Increased bronchial smooth muscle (BSM) mass is a key feature of airway remodeling that classically distinguishes severe from nonsevere asthma. Proliferation of BSM cells involves a specific mitochondria-dependent pathway in individuals with severe asthma. However, BSM remodeling and mitochondrial biogenesis have not been examined in nonsevere asthma. We aimed to assess whether an increase in BSM mass was also implicated in nonsevere asthma and its relationship with mitochondria and clinical outcomes. We enrolled 34 never-smoker subjects with nonsevere asthma. In addition, we recruited 56 subjects with nonsevere asthma and 19 subjects with severe asthma as comparative groups (COBRA cohort [Cohorte Obstruction Bronchique et Asthme; Bronchial Obstruction and Asthma Cohort; sponsored by the French National Institute of Health and Medical Research, INSERM]). A phenotypic characterization was performed using questionnaires, atopy and pulmonary function testing, exhaled nitric oxide measurement, and blood collection. Bronchial biopsy specimens were processed for immunohistochemistry and electron microscopy analysis. After BSM remodeling assessment, subjects were monitored over a 12-month period. We identified characteristic features of remodeling (BSM area >26.6%) and increased mitochondrial number within BSM in a subgroup of subjects with nonsevere asthma. The number of BSM mitochondria was positively correlated with BSM area (r = 0.78; P asthma with high BSM had worse asthma control and a higher rate of exacerbations per year compared with subjects with low BSM. This study reveals that BSM remodeling and mitochondrial biogenesis may play a critical role in the natural history of nonsevere asthma (Mitasthme study). Clinical trial registered with www.clinicaltrials.gov (NCT00808730).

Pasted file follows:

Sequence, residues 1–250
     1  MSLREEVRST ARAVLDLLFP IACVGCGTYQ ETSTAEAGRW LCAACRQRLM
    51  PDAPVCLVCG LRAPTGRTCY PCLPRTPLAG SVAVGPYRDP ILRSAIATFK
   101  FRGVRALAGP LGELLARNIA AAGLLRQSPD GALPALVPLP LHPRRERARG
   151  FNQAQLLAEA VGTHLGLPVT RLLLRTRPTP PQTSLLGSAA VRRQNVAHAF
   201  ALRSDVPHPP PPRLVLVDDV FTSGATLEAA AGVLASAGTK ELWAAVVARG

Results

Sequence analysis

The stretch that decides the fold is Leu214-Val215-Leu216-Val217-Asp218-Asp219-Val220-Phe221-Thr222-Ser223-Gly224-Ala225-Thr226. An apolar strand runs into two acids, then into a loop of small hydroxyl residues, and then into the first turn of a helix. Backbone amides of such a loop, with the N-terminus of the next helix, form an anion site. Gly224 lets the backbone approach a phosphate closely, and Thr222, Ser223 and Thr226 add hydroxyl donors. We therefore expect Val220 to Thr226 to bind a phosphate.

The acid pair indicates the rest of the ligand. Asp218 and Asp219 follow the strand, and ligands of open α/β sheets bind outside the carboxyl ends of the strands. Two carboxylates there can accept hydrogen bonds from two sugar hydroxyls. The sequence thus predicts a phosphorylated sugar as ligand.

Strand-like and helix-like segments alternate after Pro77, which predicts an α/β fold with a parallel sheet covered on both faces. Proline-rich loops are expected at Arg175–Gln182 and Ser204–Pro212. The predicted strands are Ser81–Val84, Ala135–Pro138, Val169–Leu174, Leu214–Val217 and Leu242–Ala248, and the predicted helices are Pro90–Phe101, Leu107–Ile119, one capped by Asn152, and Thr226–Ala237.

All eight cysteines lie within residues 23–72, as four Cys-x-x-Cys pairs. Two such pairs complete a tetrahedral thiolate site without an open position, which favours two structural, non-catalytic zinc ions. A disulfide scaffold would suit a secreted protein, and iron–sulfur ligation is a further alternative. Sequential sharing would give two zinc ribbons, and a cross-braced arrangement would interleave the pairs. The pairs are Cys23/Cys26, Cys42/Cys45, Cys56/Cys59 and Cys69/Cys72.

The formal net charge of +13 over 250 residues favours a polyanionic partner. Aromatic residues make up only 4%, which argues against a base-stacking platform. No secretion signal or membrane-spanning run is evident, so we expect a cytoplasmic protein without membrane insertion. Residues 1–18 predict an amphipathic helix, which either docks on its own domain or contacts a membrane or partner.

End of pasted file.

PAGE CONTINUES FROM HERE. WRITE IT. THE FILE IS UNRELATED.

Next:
13. NRC/AMRMC Resident Research Associateship Program

    Science.gov (United States)

    2016-04-27